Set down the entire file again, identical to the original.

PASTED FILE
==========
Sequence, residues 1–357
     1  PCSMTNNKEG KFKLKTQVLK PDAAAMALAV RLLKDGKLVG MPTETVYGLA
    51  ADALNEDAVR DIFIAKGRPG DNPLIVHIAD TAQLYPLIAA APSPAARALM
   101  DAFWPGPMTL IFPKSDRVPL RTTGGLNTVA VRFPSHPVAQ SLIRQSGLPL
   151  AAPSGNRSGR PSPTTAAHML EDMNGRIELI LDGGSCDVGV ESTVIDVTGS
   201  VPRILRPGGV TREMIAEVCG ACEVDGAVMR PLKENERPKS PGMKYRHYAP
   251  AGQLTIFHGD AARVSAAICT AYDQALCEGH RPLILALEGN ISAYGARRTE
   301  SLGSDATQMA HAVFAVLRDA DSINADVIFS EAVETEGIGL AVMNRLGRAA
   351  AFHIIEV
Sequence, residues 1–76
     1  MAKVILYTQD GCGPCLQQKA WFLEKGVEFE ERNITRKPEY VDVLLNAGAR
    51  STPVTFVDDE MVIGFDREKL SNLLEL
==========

Sequence, residues 1–357
     1  PCSMTNNKEG KFKLKTQVLK PDAAAMALAV RLLKDGKLVG MPTETVYGLA
    51  ADALNEDAVR DIFIAKGRPG DNPLIVHIAD TAQLYPLIAA APSPAARALM
   101  DAFWPGPMTL IFPKSDRVPL RTTGGLNTVA VRFPSHPVAQ SLIRQSGLPL
   151  AAPSGNRSGR PSPTTAAHML EDMNGRIELI LDGGSCDVGV ESTVIDVTGS
   201  VPRILRPGGV TREMIAEVCG ACEVDGAVMR PLKENERPKS PGMKYRHYAP
   251  AGQLTIFHGD AARVSAAICT AYDQALCEGH RPLILALEGN ISAYGARRTE
   301  SLGSDATQMA HAVFAVLRDA DSINADVIFS EAVETEGIGL AVMNRLGRAA
   351  AFHIIEV
Sequence, residues 1–76
     1  MAKVILYTQD GCGPCLQQKA WFLEKGVEFE ERNITRKPEY VDVLLNAGAR
    51  STPVTFVDDE MVIGFDREKL SNLLEL